Textured Art

In addition to seeing Lucas Cranach’s work in the MET recently, I was able to see some of the works from the Robert Lehman Collection.

In this collection, I saw some modern works. I was able to see a painting from Vincent van Gogh and André Derain (both two artists that I really enjoy). It was definitely a different experience to see the works of someone you’ve studied. As stated in my other post, seeing Lucas Cranach’s work after doing a paper on him was definitely a unique experience. Also, I’m currently in a Modern Art class and we have already learned about van Gogh and Derain! I was finally able to see and understand the textured style of art that many individuals have talked about.

The art piece by van Gogh was Madame Roulin and Her Baby, created in 1888.

Van Gogh’s painting is about Augustine and baby Marcelle Roulin. It’s main focus is on baby Marcelle. The Roulin family was very important to van Gogh and his art success. He moved to Arles, France in 1888, and when many people were critical of his artistic style, the Roulin families admired it. Soon van Gogh created many portraits of the family, which are very well known today.

Madame Roulin and Her Baby represents the art style of post-impressionism. Post- Impressionism is a style that tried to out do Impressionism, which was another art style that aimed to depict a close to exact impression of the world at a particular moment. Post-Impressionists tried to incorporate real emotion into the works with the use of vivid and (sometimes) unrealistic colors. This can definitely be seen in the background of van Gogh’s painting, where it is bright yellow. Also, Madame’s face is a little more yellow than the average face. And just looking at her hands, one can see the elaborate details and types of colors van Gogh uses to depict just one hand.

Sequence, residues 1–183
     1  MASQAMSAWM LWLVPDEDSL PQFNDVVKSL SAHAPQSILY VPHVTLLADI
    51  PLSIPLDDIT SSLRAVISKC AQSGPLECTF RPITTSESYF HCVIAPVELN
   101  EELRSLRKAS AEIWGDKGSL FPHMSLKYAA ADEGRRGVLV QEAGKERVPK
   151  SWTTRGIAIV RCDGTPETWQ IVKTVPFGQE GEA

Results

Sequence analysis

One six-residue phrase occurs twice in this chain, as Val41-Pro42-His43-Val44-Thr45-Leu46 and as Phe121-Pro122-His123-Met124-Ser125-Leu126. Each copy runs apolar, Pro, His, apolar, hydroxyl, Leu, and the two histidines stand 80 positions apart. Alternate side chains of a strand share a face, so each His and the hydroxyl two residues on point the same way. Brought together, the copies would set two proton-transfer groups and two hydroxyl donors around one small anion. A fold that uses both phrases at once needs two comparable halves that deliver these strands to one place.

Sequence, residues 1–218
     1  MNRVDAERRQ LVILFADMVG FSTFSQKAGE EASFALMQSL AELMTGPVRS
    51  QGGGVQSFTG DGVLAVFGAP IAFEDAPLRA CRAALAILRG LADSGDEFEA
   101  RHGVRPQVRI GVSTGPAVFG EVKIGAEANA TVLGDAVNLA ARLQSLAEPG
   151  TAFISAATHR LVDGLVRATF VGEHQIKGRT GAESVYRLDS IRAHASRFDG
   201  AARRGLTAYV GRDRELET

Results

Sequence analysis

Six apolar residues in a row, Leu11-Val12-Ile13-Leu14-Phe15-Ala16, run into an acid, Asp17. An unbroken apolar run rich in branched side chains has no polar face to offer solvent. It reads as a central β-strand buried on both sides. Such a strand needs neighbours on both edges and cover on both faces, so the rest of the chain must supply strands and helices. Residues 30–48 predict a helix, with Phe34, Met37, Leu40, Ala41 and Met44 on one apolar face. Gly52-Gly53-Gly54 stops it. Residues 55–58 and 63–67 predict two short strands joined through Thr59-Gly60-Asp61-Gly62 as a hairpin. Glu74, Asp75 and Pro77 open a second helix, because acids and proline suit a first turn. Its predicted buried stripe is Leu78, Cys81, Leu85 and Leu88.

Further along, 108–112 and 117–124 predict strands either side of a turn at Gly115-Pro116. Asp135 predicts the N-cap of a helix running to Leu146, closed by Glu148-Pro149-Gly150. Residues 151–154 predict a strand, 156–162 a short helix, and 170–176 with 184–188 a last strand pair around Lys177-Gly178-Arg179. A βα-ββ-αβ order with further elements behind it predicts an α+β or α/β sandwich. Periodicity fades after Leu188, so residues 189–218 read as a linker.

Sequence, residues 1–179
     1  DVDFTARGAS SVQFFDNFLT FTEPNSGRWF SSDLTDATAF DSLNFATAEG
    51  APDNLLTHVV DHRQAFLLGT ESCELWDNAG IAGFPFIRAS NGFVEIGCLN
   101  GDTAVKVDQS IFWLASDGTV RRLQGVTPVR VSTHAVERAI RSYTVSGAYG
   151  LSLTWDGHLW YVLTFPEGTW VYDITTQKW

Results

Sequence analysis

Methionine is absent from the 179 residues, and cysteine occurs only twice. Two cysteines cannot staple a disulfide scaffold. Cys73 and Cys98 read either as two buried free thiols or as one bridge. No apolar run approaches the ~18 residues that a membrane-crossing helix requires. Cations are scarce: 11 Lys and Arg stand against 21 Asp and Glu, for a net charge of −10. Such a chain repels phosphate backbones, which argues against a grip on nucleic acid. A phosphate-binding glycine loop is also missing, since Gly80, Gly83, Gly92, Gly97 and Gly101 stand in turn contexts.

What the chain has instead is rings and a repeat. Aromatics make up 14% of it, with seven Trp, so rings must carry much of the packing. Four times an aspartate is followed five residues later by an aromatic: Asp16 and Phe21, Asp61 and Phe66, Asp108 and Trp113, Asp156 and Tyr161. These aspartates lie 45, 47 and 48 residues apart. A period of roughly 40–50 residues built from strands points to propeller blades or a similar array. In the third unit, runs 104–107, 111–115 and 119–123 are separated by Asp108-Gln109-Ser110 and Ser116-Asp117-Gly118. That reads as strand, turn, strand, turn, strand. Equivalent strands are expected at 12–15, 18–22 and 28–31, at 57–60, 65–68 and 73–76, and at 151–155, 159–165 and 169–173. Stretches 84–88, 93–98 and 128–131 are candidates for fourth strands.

The second work I saw was by André Derain, called The Palace of Westminster, created in 1906-1907

In 1905 and 1906, Derain traveled to London after his art dealer, Ambrose Vollard, suggested he go there to study and paint the town.

When I think of André Derain, I think of Henri Matisse and fauvism. In case anyone is unfamiliar with fauvism, it is an art style that really emphasizes the use of colors as an expression in art. Which can definitely be seen here, where the colors are a little unrealistic; however, this painting does not explore with as much unrealistic color as Henri Matisse’s works does.

One comment I remember from one of my teacher is that Derain’s brushstrokes were a lot more thicker than Matisse’s. Yet, in the Palace of Westminster the brushstrokes didn’t look that thick, especially compared to van Gogh’s work. This shocked me a bit because I know that Fauvism is known for its rough brushstrokes. However, this may have been because the Palace of Westminster was just the beginning phases of Fauvism.

3 thoughts on “Textured Art

  1. The drawing of the hands in the Van Gogh is so beautiful. Interesting that he lets yellow dominate in the one hand. In his painting La Mousme at the National Gallery of Art in Washington he does something similar only the color is pale green — one of La Mousme’s hands is green. Perhaps some of fauvisme was influenced by Van Gogh’s arbitrary uses of color in late works ….???

    1. I know it’s gorgeous, I absolutely love this painting by him. And I just looked up the painting you mentioned, and I totally agree with you. Honestly, I think the fauvist artists were probably influenced by van Gogh. I remember learning in my modern art class that him and a few other modern artists were influential to modern art groups in some ways, but the art groups took their ideas to the max (or what they thought was the max, if that makes sense!)

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